Having seen many pictures of Sumo wrestlers on the web, I have not found ones who expose their six-packs or ones who have appearance as follows.

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Most of them look like the following.

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Generally speaking, what are the physical requirements for sumo wrestlers? Can a Sumo wrestler train his body to expose his six-pack abs?

Is there any connection with the ancient perception of strong man between western and eastern here? Probably in eastern, the fat guy is considered to be strong while one exposing muscles (as shown in many ancient statues) is considered to be strong in western.


2 Answers 2



Mass is one of the most important aspects of winning sumo bouts.

More detail

The most prominent physical requirement, at least in Japanese sumo, is height.

In 1994, the Japanese Sumo Association required that all sumo wrestlers be a minimum 1.73 m (5'8") in height.

Past that, there is no weight class. Since the other rules, such as prohibiting a large number of potential strikes and reducing the allowable gripping area of your opponent to basically his belt and what you can physically encircle, limit your options when it comes to a pure physical confrontation, having more mass is important (this sort of goes back to that real-world bit where a larger opponent generally has the advantage despite all of the tales of 5 foot nothing masters effortlessly demolishing massive fighters). As one researcher put it while studying why Sumo wrestlers don't die of heart disease (which is actually a matter of overall fitness):

The rationale is simple: winning in the arena depends on momentum. And in high school physics, we learned that momentum = mass x speed. So they build up their mass, and they train them for speed, agility, and overall fitness.

Fat is easier to add to the body than muscle mass, and therefore the general method of building the proper body involves practices that inflate weight gain while also training to be able to move that weight.

Wrestlers are not normally allowed to eat breakfast and are expected to have a form of siesta after a large lunch. The most common type of lunch served is the traditional sumo meal of chankonabe, which consists of a simmering stew of various fish, meat, and vegetables cooked at table. It is usually eaten with rice and washed down with beer. This regimen of no breakfast and a large lunch followed by a sleep is intended to help wrestlers put on a lot of weight so as to compete more effectively.

Trying to compete in Sumo while training in a way that limits your mass gain is essentially competing with one arm tied behind your back by training for the wrong metric, like training for a boxing match by eschewing punching strength in favor of fancy footwork, or competing in a sport that does have weight limits while carrying excess fat that won't help you in the ring.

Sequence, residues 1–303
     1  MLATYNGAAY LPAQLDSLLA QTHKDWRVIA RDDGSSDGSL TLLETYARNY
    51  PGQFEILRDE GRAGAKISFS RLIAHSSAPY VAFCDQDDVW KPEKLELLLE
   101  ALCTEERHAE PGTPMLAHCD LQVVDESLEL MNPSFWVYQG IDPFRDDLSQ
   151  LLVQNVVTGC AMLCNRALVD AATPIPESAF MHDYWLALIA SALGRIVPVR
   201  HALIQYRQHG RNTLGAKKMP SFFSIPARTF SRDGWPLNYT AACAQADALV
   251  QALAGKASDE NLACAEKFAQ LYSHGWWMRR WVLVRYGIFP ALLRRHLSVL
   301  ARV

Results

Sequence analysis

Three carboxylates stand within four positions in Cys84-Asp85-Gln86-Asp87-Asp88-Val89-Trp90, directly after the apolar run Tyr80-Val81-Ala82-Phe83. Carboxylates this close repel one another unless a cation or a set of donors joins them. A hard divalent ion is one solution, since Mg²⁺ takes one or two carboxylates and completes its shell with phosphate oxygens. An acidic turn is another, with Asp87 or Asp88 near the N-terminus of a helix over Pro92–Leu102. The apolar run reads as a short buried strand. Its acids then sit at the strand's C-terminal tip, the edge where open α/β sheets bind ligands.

There are no specific physical requirements for sumo. The rules and culture of sumo reward being as big and strong as possible. There is no benefit to being lean or cutting body fat, so rikishi (sumo wrestlers) simply don't. They get brutally strong, and have simply enormous muscles hidden under their fat. Many pro sumo wrestlers match or exceed the muscle mass of pro bodybuilders; you just can't see it because they don't go through the extreme and frankly insane fat- and water-cutting processes that bodybuilders do to prepare for a show.

What happens in sumo is what happens in other strength and power sports: in lower weight classes, athletes are lean in order to be as strong (and big) as possible while remaining within the upper bound of their weight class. Surplus fat is extremely rare. For instance, Chinese olympic weightlifters Lu Xiaojun (77kg), Tian Tao (85kg), Liao Hui (69kg) all stay lean while getting very strong: Lu Xiaojun, Tian Tao, Liao Hui

But at the highest weight class, or in sports like American football where there are no weight classes, the drive to be as strong as possible is not restricted by mass, and so athletes are quite large and have plenty of excess fat. (This proves how this is not an east/west phenomenon; NFL linebackers are not known for being lean, but athletes in running positions can be quite lean.) This is simply because there is no benefit to losing the fat, and plenty of drawbacks: it would take time and training effort, and would interfere (even if only slightly) with maximum muscle gain. So superheavyweight fighters and Olympic lifters are often chubby, even fat, such as the incredibly strong Olympic lifter Chingiz Mogushkov, seen here not having time to worry about visible abs because he's about to lift 250+ kilograms over his head: Chingiz Mogushkov

Or heavyweight MMA fighter Roy Nelson, who likes to eat and punch people really hard: Roy Nelson

However, the fact that sumo rewards being as strong as possible--and even as big as possible, because it makes the athlete hard to push or move--does not mean that sumo wrestlers are uniformly fat. Some of the best rikishi of all time have been incredibly strong but also agile and relatively lean. My favorite is Chiyonofuji, who reached the rareified top rank of yokozuna:


Chiyonofuji rear view

If you think this wrestler is not muscular, please remember that he was 127kg and 183cm. That is a very, very muscular athlete; he is simply at a healthy and strong body fat percentage. (For those not used to recognizing muscular builds outside of bodybuilding, it helps to look for trapezius muscles between the shoulders and neck, or at the back and glutes.) Chiyonofuji was an incredible champion who looks even more jacked on video in action than he comes across in pictures.

  • An excellent addition. Thank you! Jul 2, 2020 at 4:26

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